Eircom, a major Irish ISP, will now disconnect its users from the Internet if they receive three unsubstantiated copyright infringement claims from the record labels. The record labels are vowing to hold other ISPs to the same deal, whâ€Žich is part of a court settlement in a lawsuit against Eircom. The UK has just rejected this measure, and initiatives to spread this across the EU and the US have died as well. Good thing, too -- as I've written before, this is an insanely dangerous and disproportionate proposal.
After all, you don't hear the record labels offering to have their Internet connections cut off if they send out three false copyright accusations. The Internet's a single wire that delivers freedom of speech, of assembly and of the press -- it's a conduit for civic engagement, health care, employment, education, distant family, love and life. Disconnecting people from the Internet on the basis of an unsubstantiated accusation, without a court order, without a chance to defend yourself against your accusers, without a chance to see and challenge the evidence -- it's positively medieval. Shame on Ireland -- so much for their high-tech economic miracle.
As part of the settlement, the record companies will supply Eircom with the IP addresses of all persons who they detect illegally uploading or downloading copyright works.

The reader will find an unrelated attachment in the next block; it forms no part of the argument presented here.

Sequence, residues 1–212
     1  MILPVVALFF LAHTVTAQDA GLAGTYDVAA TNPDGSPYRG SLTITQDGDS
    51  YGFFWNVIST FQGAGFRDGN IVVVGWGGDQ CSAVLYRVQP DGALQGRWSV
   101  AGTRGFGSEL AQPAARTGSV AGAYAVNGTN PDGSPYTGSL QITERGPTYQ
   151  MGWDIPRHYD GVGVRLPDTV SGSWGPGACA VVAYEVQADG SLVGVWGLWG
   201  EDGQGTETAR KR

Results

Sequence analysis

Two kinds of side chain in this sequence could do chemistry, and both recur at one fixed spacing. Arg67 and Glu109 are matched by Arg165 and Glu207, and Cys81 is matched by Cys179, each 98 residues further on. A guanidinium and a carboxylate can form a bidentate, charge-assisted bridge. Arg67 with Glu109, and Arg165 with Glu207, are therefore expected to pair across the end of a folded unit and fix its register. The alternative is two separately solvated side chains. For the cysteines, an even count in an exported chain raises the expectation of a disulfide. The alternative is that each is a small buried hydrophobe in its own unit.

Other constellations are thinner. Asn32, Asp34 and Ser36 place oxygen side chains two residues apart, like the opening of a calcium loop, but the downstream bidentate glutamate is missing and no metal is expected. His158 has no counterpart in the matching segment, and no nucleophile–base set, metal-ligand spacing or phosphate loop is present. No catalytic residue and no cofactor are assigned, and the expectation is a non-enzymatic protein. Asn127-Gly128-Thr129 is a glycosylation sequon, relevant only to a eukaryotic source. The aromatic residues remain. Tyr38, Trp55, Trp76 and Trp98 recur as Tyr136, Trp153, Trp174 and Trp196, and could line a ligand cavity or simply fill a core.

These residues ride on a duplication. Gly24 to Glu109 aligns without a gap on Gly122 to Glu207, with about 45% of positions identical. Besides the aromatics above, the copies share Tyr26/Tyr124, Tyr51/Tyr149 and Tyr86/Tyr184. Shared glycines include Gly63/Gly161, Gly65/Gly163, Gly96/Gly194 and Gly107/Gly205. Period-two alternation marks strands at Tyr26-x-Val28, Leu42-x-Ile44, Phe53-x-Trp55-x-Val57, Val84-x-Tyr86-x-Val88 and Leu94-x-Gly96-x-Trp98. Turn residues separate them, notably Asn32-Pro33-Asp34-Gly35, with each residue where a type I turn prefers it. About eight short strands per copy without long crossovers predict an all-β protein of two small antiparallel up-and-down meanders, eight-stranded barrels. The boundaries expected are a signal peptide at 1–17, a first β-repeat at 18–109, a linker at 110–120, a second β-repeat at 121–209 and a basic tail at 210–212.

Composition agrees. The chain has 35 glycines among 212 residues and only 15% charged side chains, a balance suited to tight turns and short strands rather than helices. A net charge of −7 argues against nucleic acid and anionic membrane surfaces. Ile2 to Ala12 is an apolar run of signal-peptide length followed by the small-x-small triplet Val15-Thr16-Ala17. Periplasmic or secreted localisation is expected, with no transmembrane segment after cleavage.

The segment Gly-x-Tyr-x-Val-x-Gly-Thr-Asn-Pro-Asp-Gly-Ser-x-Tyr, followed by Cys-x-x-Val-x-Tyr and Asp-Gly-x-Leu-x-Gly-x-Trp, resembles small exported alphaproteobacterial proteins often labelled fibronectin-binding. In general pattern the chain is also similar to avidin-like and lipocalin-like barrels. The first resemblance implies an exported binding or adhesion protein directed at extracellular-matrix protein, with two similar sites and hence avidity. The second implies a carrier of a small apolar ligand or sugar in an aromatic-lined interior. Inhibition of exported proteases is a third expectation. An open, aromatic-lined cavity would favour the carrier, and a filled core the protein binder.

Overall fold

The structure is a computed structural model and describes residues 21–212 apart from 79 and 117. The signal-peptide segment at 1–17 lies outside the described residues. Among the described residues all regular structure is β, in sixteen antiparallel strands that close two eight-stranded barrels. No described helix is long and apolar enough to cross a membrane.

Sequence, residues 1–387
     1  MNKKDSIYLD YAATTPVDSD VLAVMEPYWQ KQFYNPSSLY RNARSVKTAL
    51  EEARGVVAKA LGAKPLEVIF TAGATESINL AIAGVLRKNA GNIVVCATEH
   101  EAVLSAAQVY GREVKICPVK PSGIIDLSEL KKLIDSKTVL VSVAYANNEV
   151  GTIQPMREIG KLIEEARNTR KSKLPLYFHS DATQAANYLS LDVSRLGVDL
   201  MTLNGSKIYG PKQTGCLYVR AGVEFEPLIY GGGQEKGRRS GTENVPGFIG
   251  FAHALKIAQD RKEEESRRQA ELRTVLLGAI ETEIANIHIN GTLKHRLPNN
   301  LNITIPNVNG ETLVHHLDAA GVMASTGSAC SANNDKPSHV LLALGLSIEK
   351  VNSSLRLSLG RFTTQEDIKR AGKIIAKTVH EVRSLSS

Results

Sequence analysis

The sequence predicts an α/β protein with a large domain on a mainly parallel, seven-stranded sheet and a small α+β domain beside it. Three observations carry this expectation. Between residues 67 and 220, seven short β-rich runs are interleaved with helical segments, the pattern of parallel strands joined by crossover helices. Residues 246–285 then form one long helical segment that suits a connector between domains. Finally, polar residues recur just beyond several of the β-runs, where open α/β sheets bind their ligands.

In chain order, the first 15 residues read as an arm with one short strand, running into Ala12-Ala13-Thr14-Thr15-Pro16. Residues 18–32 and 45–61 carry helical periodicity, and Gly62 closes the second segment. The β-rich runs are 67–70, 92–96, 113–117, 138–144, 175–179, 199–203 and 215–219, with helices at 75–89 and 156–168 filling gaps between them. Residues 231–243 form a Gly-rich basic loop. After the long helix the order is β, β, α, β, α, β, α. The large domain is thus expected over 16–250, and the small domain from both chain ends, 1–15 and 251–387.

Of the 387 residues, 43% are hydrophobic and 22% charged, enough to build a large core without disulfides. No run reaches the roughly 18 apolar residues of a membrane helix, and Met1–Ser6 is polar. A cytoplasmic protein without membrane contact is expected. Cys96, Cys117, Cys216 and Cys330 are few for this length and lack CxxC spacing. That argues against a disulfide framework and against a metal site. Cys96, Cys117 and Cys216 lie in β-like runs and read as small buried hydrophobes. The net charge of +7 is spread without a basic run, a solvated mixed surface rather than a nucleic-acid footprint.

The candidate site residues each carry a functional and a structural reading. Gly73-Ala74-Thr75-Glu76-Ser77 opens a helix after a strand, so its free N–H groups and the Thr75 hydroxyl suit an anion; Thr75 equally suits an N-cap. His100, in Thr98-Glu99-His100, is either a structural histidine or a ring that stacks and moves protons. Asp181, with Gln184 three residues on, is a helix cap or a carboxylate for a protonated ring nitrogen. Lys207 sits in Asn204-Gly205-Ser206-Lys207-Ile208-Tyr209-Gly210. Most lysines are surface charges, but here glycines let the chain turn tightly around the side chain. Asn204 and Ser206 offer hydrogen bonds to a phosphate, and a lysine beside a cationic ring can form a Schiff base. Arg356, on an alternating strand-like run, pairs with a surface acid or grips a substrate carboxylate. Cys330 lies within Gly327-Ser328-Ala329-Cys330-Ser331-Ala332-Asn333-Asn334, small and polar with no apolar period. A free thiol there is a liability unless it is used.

Internet users face shutdown over illegal music downloads
Eircom will then contact the subscribers directly and either warn them or terminate their account.
Willie Kavanagh, chairman of EMI Records, said he was delighted with the outcome and commended Eircom’s far-seeing approach.
During the court case it was claimed music piracy is costing record companies here up to €14 million a year.
Other ISPs contacted by The Irish Times last night could not confirm if they would implement the system. A spokeswoman for 3 Ireland, which has 130,000 mobile broadband customers, said it would be “happy to look into the matter”.
Ronan Lupton, chairman of Alto, which represents telecoms operators other than Eircom, said the agreement “is not one enforceable on the rest of the industry given the direct nature of the action against Eircom”.
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